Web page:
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Comment Re:Really slashdot? (Score -1) 138

Couldn't agree more. $60 for 50 hours of entertainment is a real good value.

NMS is an example of what the Internet has done to software. Push it out buggy, we'll fix it later, they'll deal with it. Its in no way unique to NMS. It used to be another reason you'd buy a console instead of PC game. The console couldn't get updates so it had to have far better QA before going out the door unless you wanted to end your career. Then they all got networked ... and while it wasn't over night that day one updates became the normal operating procedure, it was probably the third or forth night ...

So if you bought NMS and can't play it for an hour or two, or hell, even 5 because you just kept trying to force yourself to get into it and ignore the bugs ... then fine. $10/hour or more for entertainment should have better standards than that.

At 50 hours, you've played more than probably 98% of the others that purchase it. Sod off.

Submission + - Is there such a thing as bad publicity? If so, someone should tell the Donald (

shanen writes: Top news story right now is Trump's attempted political exploitation of another gun tragedy for his political advantage. It appears that he has captured the headlines with two tweets. I think the angle of Trump's response is fundamentally racist, but what is giving me a deep feeling of disgust is the abuse of another person's tragedy. Trump knows he has 11 million followers. (How many Blocks besides mine? Twitter should post that statistic, too.)

In case it isn't obvious, I think the Donald lacks the wisdom to serve as president. Only one of many personal deficiencies, but I think it's the most important disqualification.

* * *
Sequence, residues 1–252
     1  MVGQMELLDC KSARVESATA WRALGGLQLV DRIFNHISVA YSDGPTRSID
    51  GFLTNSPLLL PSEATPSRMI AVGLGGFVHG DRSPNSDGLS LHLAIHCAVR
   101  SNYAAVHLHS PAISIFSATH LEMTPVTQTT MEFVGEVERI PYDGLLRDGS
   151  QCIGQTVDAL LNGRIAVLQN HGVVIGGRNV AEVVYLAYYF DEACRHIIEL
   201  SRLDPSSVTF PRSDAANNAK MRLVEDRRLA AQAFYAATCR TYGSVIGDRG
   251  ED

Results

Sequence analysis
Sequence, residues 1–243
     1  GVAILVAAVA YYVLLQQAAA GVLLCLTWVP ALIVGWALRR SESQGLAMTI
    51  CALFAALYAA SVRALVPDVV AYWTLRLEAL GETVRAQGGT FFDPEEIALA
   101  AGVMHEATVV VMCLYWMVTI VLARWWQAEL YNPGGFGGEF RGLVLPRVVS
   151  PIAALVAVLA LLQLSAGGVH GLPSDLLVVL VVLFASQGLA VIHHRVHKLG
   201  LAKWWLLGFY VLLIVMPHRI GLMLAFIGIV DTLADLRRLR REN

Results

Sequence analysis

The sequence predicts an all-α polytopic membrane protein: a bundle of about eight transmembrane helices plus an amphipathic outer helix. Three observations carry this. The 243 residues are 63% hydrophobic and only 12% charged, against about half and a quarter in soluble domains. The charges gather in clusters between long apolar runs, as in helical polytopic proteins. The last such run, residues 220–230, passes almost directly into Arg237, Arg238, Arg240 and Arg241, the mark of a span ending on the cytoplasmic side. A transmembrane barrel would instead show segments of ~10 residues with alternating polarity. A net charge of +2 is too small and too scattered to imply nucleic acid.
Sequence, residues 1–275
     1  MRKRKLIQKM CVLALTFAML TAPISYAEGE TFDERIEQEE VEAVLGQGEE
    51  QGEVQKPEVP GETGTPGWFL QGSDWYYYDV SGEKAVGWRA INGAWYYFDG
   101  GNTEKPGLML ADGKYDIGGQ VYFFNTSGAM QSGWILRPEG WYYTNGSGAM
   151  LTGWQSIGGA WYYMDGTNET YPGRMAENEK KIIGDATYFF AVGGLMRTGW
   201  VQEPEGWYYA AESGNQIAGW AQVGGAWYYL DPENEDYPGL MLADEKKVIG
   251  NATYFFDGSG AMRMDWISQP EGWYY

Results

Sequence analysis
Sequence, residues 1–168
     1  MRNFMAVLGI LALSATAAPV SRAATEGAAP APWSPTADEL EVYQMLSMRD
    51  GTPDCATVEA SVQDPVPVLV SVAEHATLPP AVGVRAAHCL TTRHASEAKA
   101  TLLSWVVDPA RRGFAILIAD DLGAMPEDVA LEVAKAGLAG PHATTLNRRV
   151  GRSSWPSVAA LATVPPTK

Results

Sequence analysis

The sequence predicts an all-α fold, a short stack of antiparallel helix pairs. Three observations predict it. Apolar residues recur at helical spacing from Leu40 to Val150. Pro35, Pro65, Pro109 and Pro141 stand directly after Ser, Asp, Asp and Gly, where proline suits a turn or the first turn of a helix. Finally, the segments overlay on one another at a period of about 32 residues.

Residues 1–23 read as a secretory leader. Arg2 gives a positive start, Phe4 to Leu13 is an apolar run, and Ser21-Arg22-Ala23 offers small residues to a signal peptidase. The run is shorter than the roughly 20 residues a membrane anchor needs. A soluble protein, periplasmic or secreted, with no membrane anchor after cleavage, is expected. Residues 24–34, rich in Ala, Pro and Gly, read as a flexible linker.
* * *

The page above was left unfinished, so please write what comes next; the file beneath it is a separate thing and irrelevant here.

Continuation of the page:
Comment Re:40 hour week is a myth (Score -1) 172

Its funny that people today think 80 hours of work is a lot ... perhaps you should consider what humans did before modern society, even just a few hundred years ago, before you make stupid claims like that.

You're lying to yourself by pretending you'd get the same thing done in 25-30 if you ignored the 'unproductive' time ... because what you're deeming 'unproductive' is almost certainly a requirement of functioning in society as a whole ... which is the only reason you aren't out acting as a hunter/gatherer working pretty much every waking minute of your life just to survive.

It blows me away how people can be so oblivious to the fact that a 40 hour work week is a ridiculously short amount of actual week, especially for most of slashdot who sits behind a desk and doesn't actually 'work' more than pressing some keys and sitting through meetings.

Comment Re: Lots of cores doesn't mean shit (Score -1) 112

. . . and that only works in extremely specialized instances.

You do realize 99.9999999999% of the applications out there CAN'T USE THE SLI version right?

And you realize thats a very specialized instance, and they'll be the first to tell you its close to its limits for that specialized instance ... right?